21. The optical subsystem of claim 1 wherein the interface module is passive and the optical image quality descriptors are communicated to the electrical back-end subsystem by active interrogation by the electrical back-end subsystem.
22. The optical subsystem of claim 1 wherein the interface module transmits the optical image quality descriptors to the electrical back-end subsystem in response to a request by the electrical back-end subsystem.
23. The optical subsystem of claim 1 wherein the interface module includes a standardized interface that interfaces to a plurality of electrical back-end subsystems.
24. The optical subsystem of claim 23 wherein the optical subsystem receives power from the electrical back-end subsystem via the standardized interface.
25. The optical subsystem of claim 1 wherein the housing is attachable to the electrical back-end subsystem.
26. The optical subsystem of claim 1 wherein the optical subsystem is adjustable, adjustment changes the image quality and the corresponding optical image quality descriptors, and the interface module communicates the changed optical image quality descriptors to the electrical back-end subsystem.
27. The optical subsystem of claim 1 wherein the optical elements include a refractive imaging system.
28. The optical subsystem of claim 1 wherein the optical elements include a reflective imaging system.
29. The optical subsystem of claim 1 wherein the optical elements include a diffractive optical element.
30. An optical subsystem comprising:
one or more optical elements that form an optical image of an object;
a housing for the optical elements, the housing attachable to an electrical back-end subsystem capable of detecting the image formed by the optical elements;
a descriptor module attached to the housing, the descriptor module containing one or more optical image quality descriptors that describe an image quality of the image formed by the optical elements.
31. The optical subsystem of claim 30 wherein the descriptor module comprises a bar code for the optical image quality descriptors.
32. The optical subsystem of claim 30 wherein the descriptor module comprises an identifier for the optical subsystem and the identifier also corresponds to the optical image quality descriptors.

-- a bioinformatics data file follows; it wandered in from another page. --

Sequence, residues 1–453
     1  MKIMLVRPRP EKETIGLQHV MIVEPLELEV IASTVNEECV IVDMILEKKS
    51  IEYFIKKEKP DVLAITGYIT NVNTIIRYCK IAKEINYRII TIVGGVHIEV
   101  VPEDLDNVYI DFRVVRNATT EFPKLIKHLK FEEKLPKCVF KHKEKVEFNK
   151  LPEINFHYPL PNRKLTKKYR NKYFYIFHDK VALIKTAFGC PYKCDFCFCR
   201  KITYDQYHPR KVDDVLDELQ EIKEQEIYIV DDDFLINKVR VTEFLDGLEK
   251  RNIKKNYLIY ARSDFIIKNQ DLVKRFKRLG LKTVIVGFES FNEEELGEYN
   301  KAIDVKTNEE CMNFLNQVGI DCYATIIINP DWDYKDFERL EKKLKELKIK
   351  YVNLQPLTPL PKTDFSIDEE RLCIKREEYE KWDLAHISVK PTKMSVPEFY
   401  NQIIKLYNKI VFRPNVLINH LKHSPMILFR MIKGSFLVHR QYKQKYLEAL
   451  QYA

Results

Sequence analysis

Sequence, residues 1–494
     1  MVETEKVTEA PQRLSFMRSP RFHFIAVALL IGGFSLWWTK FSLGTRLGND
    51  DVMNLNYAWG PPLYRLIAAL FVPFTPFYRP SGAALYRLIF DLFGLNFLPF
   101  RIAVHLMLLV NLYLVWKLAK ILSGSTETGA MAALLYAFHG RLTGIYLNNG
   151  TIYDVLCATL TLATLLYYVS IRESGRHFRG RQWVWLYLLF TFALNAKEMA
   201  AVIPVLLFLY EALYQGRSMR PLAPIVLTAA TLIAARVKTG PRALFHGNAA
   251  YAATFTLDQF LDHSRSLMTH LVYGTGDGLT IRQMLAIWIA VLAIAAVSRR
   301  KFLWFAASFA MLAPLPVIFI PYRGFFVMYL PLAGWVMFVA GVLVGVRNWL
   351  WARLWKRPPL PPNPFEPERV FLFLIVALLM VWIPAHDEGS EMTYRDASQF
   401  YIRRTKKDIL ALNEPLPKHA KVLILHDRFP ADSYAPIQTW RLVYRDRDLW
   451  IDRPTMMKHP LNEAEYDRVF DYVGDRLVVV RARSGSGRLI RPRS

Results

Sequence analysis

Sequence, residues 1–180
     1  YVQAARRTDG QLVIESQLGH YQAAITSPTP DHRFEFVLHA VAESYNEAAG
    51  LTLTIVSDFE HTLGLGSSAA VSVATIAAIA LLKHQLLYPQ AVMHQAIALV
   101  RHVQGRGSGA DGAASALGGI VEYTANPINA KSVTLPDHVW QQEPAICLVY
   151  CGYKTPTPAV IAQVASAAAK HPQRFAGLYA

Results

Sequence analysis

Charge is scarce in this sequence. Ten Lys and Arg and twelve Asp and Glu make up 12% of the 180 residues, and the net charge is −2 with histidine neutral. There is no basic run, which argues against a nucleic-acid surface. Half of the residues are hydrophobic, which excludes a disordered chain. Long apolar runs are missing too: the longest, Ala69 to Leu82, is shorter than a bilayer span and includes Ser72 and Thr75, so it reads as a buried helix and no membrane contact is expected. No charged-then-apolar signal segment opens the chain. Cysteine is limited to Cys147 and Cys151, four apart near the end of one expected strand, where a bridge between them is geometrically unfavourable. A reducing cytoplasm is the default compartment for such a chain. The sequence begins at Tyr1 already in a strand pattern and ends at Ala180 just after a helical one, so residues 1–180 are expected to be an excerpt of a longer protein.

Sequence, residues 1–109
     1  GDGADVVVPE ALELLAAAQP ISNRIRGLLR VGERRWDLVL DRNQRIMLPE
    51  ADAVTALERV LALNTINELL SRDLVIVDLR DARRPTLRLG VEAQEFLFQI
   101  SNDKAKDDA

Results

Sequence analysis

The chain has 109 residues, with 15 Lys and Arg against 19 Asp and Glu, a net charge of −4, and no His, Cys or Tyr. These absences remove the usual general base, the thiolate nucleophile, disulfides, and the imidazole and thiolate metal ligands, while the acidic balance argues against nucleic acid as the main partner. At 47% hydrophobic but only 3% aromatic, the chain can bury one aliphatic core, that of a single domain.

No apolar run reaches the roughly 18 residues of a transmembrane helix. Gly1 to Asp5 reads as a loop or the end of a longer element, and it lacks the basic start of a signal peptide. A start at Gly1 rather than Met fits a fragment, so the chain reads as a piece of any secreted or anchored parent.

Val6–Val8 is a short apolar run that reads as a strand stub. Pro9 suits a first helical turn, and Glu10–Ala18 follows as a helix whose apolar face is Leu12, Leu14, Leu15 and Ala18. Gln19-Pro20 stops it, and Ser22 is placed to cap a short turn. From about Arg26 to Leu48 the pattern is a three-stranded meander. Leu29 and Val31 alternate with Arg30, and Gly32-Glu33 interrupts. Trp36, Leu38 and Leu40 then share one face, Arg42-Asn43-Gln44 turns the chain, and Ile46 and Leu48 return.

33. An optical subsystem for use with an electrical back-end subsystem, the optical subsystem comprising:
one or more optical elements that form a geometrically multiplexed optical image of an object;
a housing for the optical elements; and
an interface module and a descriptor module attached to the housing, wherein the descriptor module contains one or more optical image quality descriptors that describe the geometric coding of the geometrically multiplexed image formed by the optical elements and the interface module communicates the optical image quality descriptors to the electrical back-end subsystem.
34. The optical subsystem of claim 33 wherein the optical image quality descriptors describe a number and/or position of the geometrically multiplexed images.
35. The optical subsystem of claim 33 wherein the optical image quality descriptors describe image-to-image variations in the geometrically multiplexed images.
36. A method for operating an electro-optic imaging system comprising an optical subsystem and an electrical back-end subsystem, the method comprising:
communicating one or more optical image quality descriptors from the optical subsystem to the electrical back-end subsystem; and
adjusting image processing parameters in the electrical back-end subsystem according to the optical image quality descriptors.
37. The method of claim 36 further comprising:
communicating a request from the electrical back-end subsystem to the optical subsystem, wherein the optical image quality descriptors are communicated to the electrical back-end subsystem in response to the request.
38. The method of claim 36 wherein the optical image quality descriptors are communicated to the electrical back-end subsystem in response to attachment of the optical subsystem to the electrical back-end subsystem.
39. The method of claim 36 wherein the optical image quality descriptors are communicated to the electrical back-end subsystem in response to adjustment of the optical subsystem.
Description
BACKGROUND OF THE INVENTION

1. Field of the Invention

This invention relates generally to optical subsystems that are used for imaging and, more particularly, to subsystems that provide information about the image quality produced by the subsystem.

2. Description of the Related Art